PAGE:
It is hard to cling to riches and truly enter the Kingdom of God, because they block trust, cover the gaps in our real confidence in God. That affects so much in how we live with generous and thankful hearts. True love casts out fear, but first it has to be filled with the love of God to truly trust. This is a spiritual challenge more than a financial one – money is just one of the ways it shows itself. How we approach this reveals how much we really have faith and confidence in God. Though I do want to exempt books and gadgets.

Sermon for Trinity 19, Newport Cathedral, Sunday 10th October 2021

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Electric Vehicles and Creation

IMG_7698When I can think of one, I am quite fond a good visual aid. Something that sticks in the memory and helps us connect with the deeper message of a Bible reading or theme. This evening’s Old Testament reading (Exodus 24) gave us a vivid image of sacrifice, with lots of blood being splashed about. It is ripe for a ‘Horrible Histories does the Bible’ series – if there is one and, if there isn’t, there needs to be. On reflection, though, it is perhaps better that I don’t look for a visual aid tonight.

The reading is a reminder that sacrifice was a messy business and the slaughter direct and violent. It comes from a past age which was much more hands-on with food production, with the realities of animal use and husbandry, and the fluids of life and had some very different attitudes. For all of that, we have sanitised all aspects of this to a point where we can easily forget that life is at its core flesh, bone and blood. There are parts of the world much more in touch with this than we are, probably more of the world than is not, and those who work in healthcare will know it better than most. When caring for a very ill person, there is a lot of washing. 

This disconnect from the fluids of life also separates us from some of the balances that need to be kept in check, the cycles of nature and the interdependencies that are crucial for life. It makes us think we are immune to climate and weather, to storm and drought. We can even think we are immune to disease, something shaken very deeply by the pandemic. During September our worship has an additional theme of creation. So, while it might seem unlikely, these readings this evening are linked with it – using the imagery of sacrifice, mountains, clouds and healing (Matthew 9:1-8).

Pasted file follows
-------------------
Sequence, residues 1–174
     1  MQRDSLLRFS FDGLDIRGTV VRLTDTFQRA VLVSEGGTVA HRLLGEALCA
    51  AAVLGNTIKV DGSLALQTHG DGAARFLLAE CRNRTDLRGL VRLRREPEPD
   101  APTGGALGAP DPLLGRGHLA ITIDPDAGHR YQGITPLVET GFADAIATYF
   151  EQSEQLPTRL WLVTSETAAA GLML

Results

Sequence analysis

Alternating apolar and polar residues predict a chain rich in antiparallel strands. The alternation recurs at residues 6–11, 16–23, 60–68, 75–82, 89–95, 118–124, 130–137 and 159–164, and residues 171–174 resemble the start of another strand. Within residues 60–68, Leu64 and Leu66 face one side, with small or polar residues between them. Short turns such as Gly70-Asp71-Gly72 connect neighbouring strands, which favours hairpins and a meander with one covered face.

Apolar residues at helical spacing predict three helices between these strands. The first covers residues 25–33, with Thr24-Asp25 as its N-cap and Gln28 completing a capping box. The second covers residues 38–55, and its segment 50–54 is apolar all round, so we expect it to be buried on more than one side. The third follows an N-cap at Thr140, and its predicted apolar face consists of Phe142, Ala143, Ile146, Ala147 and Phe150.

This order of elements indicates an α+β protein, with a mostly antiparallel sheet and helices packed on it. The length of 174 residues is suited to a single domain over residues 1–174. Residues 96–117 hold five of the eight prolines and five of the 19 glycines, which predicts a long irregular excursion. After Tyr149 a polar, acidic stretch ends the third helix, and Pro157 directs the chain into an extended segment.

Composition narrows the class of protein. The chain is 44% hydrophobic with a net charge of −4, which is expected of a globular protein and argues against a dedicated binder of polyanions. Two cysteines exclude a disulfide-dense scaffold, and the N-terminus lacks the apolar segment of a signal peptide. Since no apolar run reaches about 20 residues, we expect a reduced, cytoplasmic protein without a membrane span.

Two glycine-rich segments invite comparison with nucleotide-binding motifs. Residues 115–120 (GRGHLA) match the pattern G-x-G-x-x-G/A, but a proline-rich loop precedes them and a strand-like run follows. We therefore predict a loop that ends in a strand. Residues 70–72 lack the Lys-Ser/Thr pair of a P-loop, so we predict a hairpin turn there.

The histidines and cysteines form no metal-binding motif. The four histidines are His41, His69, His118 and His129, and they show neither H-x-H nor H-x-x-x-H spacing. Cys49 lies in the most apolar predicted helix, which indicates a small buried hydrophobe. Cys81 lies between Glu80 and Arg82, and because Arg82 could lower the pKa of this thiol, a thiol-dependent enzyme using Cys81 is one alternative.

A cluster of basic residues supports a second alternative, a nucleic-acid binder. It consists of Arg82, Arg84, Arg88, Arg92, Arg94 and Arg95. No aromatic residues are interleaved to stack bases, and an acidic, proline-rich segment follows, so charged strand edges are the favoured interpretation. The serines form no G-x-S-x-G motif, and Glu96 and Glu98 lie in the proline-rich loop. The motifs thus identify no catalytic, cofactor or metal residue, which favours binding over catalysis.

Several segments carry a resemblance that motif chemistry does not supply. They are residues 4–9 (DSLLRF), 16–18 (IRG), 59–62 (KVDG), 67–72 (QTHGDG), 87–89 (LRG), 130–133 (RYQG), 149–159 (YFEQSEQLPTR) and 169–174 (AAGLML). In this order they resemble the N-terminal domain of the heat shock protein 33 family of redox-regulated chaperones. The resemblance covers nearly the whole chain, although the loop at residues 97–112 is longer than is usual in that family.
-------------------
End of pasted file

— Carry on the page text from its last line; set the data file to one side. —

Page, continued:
Over the summer, Susan and I have been exploring buying an electric car. Due to the shortage of semiconductors, small electrical components that make it work, there will be a delay in it arriving, but we’ve begun the switch. Some have asked us why we have gone straight for electric and not hybrid. There were four reasons for doing this.

Firstly, the more we’ve looked into it, hybrid doesn’t actually save the emissions that we thought it did. That sowed the seed for making the jump.

It’s something we’ve been thinking about for a long time but wondered if the cars have the reach we need and if there are enough places to charge a car on a journey. There have been great developments in this over the past few years and the technology has come on. One of the responses to the Prime Minister’s press spokeswoman’s comments in August that she wouldn’t have an electric car because they didn’t have the reach she needed came from the electric vehicle trade. They pointed out the improvements and that you should stop after so many miles or hours driving anyway, so use that time to charge up – lots of service stations, supermarkets and town centres have charging points now. There are even some in the car park down Stow Hill.  The infrastructure is expanding, it has become more realistic to make the switch.

Some of this will require a different way of thinking and living, though. And that’s part of the point. We have to learn to live differently, even at a different pace. Living in tune with nature also means that we live at the rhythm of body and blood flow. The constantly on-the-go lifestyle is not good for ourselves or the planet. Pausing to breathe puts us more in-tune with creation.